Monday, July 22, 2024


Suzuki Motor Corporation’s motorcycle division has finally revealed pathetically weak full-year results to the end of March 2020, after an unprecedented two-week delay. BDN financial editor Roger Willis reports. 

The Covid-19 pandemic was partly held to blame. But actual numbers didn’t stack up, instead reflecting a similarly grim position at the end of Q3 in December — before coronavirus became a factor. 

Revenue for the full 12-month period was 4.9% down to £1.83bn. Global sales volume fell by 2.1% to 1.708 million motorcycles. However, associated operating profit plummeted by an extraordinary 80.9% to a mere £5.2m. Besides that fatuous claim about deleterious disease impact, the effect of negative foreign exchange owing to yen appreciation also got a mention. 

Sales in Europe were 6.8% down to 41,000 bikes. Related revenue sank by 9.1% to £270m. North American volume suffered a smaller 2.7% decrease to 35,000 but revenue was 11.2% lower at £227m, presumably due to the aforementioned failure to hedge forex successfully. Domestic Japanese sales recorded a 14% drop to 49,000, although revenue rose by 3.6% to £150m.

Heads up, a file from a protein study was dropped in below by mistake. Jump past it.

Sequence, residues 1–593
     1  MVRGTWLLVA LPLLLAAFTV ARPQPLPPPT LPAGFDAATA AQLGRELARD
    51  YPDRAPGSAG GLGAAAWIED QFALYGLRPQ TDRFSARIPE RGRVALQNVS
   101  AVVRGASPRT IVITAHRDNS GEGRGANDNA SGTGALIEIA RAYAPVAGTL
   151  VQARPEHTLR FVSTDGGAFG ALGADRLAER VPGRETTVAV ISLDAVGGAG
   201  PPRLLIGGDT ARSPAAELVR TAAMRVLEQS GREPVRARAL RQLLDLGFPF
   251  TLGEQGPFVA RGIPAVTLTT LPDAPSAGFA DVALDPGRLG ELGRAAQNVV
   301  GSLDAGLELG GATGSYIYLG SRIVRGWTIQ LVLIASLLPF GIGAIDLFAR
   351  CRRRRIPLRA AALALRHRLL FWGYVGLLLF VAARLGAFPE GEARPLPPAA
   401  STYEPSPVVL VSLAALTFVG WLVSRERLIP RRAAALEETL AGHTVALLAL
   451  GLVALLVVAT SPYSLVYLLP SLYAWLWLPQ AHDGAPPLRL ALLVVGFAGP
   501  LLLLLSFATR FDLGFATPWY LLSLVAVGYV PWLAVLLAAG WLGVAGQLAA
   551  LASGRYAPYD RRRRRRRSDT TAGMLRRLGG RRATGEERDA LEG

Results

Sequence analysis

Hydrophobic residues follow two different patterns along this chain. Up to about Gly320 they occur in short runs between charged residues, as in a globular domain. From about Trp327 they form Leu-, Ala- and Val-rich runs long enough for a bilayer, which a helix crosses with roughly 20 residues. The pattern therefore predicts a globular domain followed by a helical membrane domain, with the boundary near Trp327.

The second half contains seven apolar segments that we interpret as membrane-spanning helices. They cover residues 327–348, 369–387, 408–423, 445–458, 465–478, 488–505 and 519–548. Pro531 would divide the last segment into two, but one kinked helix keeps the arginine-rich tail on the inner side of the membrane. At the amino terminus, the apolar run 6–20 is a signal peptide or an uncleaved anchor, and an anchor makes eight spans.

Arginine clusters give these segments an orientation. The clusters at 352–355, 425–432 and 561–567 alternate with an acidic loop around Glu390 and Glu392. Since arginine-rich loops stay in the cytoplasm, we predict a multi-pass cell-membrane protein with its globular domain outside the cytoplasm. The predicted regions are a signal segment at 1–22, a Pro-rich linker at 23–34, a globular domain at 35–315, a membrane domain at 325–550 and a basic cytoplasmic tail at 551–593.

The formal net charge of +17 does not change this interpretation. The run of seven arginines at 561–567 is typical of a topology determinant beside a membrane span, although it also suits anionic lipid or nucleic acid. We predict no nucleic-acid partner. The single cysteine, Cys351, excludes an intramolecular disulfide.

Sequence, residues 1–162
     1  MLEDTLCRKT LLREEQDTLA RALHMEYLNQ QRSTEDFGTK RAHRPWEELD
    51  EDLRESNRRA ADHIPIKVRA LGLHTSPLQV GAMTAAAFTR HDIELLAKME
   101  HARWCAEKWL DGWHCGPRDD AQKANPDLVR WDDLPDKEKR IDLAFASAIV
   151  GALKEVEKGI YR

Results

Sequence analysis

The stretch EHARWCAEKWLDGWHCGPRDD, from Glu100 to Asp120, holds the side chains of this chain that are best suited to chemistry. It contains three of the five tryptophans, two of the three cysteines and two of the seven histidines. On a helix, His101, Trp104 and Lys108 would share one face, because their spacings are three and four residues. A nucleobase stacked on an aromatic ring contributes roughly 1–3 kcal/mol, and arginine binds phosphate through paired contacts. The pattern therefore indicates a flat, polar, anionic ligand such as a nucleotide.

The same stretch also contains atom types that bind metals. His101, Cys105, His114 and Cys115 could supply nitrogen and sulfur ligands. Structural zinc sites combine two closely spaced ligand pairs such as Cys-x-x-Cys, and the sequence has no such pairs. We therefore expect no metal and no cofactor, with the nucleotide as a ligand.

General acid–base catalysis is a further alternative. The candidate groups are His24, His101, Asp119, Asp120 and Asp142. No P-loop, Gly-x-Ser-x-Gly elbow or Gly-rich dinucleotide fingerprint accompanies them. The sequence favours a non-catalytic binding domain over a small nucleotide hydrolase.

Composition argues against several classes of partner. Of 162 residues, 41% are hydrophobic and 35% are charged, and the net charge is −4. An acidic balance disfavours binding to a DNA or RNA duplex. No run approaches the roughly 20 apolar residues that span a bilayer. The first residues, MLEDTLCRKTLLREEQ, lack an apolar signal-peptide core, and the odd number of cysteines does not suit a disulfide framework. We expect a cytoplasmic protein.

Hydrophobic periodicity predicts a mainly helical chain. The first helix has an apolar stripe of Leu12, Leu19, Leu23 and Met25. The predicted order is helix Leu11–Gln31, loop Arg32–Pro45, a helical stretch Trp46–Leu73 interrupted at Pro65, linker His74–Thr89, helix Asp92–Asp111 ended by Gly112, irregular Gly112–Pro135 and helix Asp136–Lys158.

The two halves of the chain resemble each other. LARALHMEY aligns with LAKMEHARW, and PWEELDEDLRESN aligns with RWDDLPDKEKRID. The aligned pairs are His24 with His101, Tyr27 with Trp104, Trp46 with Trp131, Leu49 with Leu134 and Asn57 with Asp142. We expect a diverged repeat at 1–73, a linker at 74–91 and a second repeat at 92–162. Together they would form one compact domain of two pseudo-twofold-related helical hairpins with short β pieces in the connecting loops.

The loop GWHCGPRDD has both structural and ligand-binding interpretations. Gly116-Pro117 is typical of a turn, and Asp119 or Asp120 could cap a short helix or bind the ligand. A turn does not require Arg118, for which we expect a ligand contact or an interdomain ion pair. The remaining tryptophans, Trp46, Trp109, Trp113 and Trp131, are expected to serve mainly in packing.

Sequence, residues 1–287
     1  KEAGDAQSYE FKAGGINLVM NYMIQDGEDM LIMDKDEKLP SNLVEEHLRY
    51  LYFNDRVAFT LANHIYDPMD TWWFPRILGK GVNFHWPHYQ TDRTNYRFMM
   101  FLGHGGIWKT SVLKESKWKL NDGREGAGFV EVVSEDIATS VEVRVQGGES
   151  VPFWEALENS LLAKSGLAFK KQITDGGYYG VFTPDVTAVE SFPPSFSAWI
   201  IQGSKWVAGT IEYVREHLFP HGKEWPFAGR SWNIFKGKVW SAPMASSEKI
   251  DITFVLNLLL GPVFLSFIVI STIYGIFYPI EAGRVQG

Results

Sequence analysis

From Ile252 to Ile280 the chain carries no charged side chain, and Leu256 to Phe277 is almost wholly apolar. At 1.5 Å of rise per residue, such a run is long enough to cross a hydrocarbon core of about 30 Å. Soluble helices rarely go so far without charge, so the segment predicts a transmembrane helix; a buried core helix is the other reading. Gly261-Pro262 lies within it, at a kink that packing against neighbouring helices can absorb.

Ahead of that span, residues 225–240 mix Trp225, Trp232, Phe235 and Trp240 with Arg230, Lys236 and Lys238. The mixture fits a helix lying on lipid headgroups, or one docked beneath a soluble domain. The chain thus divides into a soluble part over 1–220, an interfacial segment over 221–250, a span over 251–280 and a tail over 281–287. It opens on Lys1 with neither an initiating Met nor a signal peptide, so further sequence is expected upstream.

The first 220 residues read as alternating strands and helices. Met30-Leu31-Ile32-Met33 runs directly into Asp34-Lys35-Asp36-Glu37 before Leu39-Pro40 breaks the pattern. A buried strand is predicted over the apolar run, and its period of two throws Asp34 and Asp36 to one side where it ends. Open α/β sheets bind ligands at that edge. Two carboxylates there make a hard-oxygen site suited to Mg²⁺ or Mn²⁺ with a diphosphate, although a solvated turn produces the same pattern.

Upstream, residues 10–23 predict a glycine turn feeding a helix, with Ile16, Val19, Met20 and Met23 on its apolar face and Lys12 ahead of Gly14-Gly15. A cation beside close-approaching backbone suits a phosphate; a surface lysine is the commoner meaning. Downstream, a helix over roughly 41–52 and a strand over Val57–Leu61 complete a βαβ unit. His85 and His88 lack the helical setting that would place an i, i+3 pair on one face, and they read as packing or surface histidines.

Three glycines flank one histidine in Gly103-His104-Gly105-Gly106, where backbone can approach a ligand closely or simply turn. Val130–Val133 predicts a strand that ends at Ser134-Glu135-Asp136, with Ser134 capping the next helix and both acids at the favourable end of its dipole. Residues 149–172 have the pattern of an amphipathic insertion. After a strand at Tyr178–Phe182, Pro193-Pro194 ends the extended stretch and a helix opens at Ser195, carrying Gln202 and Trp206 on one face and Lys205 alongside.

Asia proved to be a mixed bag. In total, there was a 2.3% sales decline to 1.403 million bikes, with overall revenue falling by 3.7% to £944m. Biggest losers within that were Indonesia and China. In the former, sales sank by 37% to 62,000. And in the latter they were 18.2% down to 302,000. 

India, on the other hand, was an Asian jewel in the crown, boasting impressive growth for Suzuki in an otherwise economically-challenged Indian market. Volume climbed by 8.8% to 692,000 and revenue put on 12.9% to £468m.

Inevitably, predictions about sales, revenue and profit during the next fiscal year have been avoided. Concluding its results statement, Suzuki said: “We are unable to provide appropriately calculated and reasonably forecasted values due to the spread of coronavirus infection.”   


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